Monday, November 08, 2004

Nothing like a bit of revisionism to keep the wheels spinning, so on that note, I’m well pleased to see Sony have done a glorious 25th (fuck me…25 years since I pinched the sample from CBS!) anniversary reissue of The Clash’s legendary 1979 album “London Calling”. And what a package it is- a remastered album, a CD of recently found demos and a lovely DVD, which I’m watching as I type, including some quite astounding footage of the band at work with legendary production nutter, Guy Stevens. Rolling Stone named the album as the greatest album of the eighties, despite its UK release in ’79 and it was the album that took them towards the mainstream…toward, but not into it. I remember trying to sell it to mainstream punters with no success…it could never compete with Dire Straits or Misex who were both sadly perceived as “new wave”.

And what a wonderful bloody record it was / is. It still sounds as fresh as it did in 1979, some songs more than others……but, and here comes the revisionism….but, the Clash may be the greatest rock’n’roll band ever, post Beatles (they are…full stop…if you disagree, you’re wrong, sorry) however “London Calling”, as much as it stands head and shoulders above virtually every rawk record released since then, comes nowhere close to being the greatest Clash album. That distinction belongs overwhelmingly to their first album, and thence to the mighty “Sandinista”. I’m not belittling this iconic release, I mean it contains the title track (it took my first trip to London in 83 before I really understood what it meant to “live by the river”), Guns of Bloody Brixton, and a whole swag of the like.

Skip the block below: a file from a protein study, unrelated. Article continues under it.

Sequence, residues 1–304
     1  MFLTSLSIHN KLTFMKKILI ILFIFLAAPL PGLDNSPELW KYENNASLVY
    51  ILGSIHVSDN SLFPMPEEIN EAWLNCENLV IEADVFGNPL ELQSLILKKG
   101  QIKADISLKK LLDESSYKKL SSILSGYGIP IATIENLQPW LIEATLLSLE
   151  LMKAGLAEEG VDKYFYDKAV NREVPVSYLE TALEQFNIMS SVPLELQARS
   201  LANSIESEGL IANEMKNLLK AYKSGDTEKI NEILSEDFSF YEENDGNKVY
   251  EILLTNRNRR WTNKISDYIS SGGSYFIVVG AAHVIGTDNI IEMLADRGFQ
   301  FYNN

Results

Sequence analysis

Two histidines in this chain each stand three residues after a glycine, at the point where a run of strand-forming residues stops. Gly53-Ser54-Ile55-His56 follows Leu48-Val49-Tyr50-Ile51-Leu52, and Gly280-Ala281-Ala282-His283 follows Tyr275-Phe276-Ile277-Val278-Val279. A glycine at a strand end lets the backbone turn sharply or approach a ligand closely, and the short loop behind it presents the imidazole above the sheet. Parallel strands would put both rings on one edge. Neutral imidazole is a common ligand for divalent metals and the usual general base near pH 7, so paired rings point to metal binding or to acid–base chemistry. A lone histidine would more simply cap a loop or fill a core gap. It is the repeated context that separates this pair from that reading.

But the Rolling Stone award really sums up the problem…its just too Rolling Stone, too Rawk and, at the time of its release there was a noticeable air of disappointment with it. I remember we played the b side of the “London Calling” single, “Armagideon Time” far more than the a. And as I said above, it still sounds fresh today, but in contrast “The Clash” still sounds revolutionary, and “Sandinista” revels in it’s glorious anarchy which was at the heart of the Clash. The singles that followed “London Calling”….”Bankrobber”, “The Call Up”, “The Magnificent Seven / Magnificent Dance”, and “Radio Clash” dwarf 90% of “London Calling”. It was “Bankrobber” and “Complete Control” I reached for on the news of Joe’s death.

I think the Clash consciously made two American records, “London Calling”, which largely worked, and “Combat Rock” which largely didn’t. But The Clash were the great British punk band, with all that implies including a disaffection for the American rock mainstream, and that’s how I’ll always remember them.


Peter said...

Combat Rock didn't work? Say what? Top 5 in the US, playing at Shea stadium, is that an unsuccessful record, Simon? Anyways, I watched Westway to the World (Clash doco) at the weekend, its bloody fantastic. Have you seen it?

Simon said...

talking about it as a Clash record, not a commercial record. Combat Rock had it's moments but it stands as the weakest Clash album (probably why the US loved it)apart from Cut The Crap